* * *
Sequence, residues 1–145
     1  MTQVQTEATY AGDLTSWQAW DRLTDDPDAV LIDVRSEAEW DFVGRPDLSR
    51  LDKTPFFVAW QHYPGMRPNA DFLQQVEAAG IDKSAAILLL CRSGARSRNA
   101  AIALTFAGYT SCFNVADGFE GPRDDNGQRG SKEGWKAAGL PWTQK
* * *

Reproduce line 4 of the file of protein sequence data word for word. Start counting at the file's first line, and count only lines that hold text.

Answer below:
   101  AIALTFAGYT SCFNVADGFE GPRDDNGQRG SKEGWKAAGL PWTQK